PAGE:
Sky paper flowers

paper flowers

We also needed more light on the patio where the reception was being held so we needed to buy or rent lighting.  I made some lanterns out of jelly jars and wire and hung those around and we opted for turquoise paper lighted lanterns around the space that looked magnificent by day and glowing at night.  Not only beautiful, but these lights were made of paper and old jars, recyclable or reusable materials for another event.  

Paper Lanterns

PZ's Sky

Lanterns at Night

at nightphotos by Erin Beach Photography, SF

  For wearable details besides my dress, I opted to go vintage.  I began looking for the perfect necklace months before, and found it close to home at a local jewelry shop that specialized in antique Native American jewelry.  I found a wonderful necklace of full turquoise, which not only is a favorite stone but also was one of our wedding colors.  I also found at a local vintage store a beautiful vintage hair comb with blue crystals.  It went perfectly with my dress and overall look, which had a special Spanish/Mexican Colonial feel.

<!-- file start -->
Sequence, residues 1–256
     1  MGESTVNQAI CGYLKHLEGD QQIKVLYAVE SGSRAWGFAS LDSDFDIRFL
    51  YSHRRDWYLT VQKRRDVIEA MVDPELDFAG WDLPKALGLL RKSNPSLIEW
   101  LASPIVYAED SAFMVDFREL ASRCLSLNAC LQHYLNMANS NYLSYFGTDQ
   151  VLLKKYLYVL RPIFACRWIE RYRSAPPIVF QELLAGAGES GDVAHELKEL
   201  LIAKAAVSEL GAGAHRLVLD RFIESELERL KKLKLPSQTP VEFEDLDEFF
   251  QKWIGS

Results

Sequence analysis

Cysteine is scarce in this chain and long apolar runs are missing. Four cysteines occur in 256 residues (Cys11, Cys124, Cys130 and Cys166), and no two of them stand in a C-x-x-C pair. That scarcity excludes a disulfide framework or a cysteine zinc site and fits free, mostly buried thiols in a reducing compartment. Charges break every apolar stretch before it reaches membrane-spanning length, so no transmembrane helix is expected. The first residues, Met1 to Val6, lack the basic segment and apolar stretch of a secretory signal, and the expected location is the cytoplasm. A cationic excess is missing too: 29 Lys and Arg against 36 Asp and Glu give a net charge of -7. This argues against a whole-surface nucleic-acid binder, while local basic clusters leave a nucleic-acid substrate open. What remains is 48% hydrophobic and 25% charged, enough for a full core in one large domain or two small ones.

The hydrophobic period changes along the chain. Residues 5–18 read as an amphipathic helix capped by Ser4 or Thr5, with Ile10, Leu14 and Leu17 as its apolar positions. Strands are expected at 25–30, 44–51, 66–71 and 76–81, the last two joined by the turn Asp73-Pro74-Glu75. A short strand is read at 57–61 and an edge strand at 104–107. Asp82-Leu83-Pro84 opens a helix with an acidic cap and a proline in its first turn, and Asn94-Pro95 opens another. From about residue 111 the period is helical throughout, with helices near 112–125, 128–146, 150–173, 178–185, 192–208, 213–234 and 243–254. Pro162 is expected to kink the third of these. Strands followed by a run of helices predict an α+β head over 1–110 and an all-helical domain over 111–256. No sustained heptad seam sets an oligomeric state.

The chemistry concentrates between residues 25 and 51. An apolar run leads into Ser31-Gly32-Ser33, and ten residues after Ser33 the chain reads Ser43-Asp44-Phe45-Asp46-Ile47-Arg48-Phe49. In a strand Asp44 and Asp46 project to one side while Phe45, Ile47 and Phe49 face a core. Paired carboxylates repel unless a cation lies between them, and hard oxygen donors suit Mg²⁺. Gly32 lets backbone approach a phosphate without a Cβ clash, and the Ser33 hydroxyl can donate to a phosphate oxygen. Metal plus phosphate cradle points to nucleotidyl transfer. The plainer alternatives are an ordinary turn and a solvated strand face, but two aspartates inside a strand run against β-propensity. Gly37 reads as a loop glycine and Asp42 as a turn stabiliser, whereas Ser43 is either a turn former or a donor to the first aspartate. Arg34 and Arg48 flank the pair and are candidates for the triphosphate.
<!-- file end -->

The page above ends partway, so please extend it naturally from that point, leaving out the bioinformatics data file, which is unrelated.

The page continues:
Vintage Hair Comb and Necklace

details There were many more details that I could go on and on about, but the take home message is really about simplifying and keeping things local and free of toxins.  If you can buy it near you, if it was made or grown near you, if it was grown and made without added chemicals and toxins, and if it was already used by someone else, you've made quite an attempt at keeping your event and your life green. All the beautiful event photographs were taken by Erin Beach at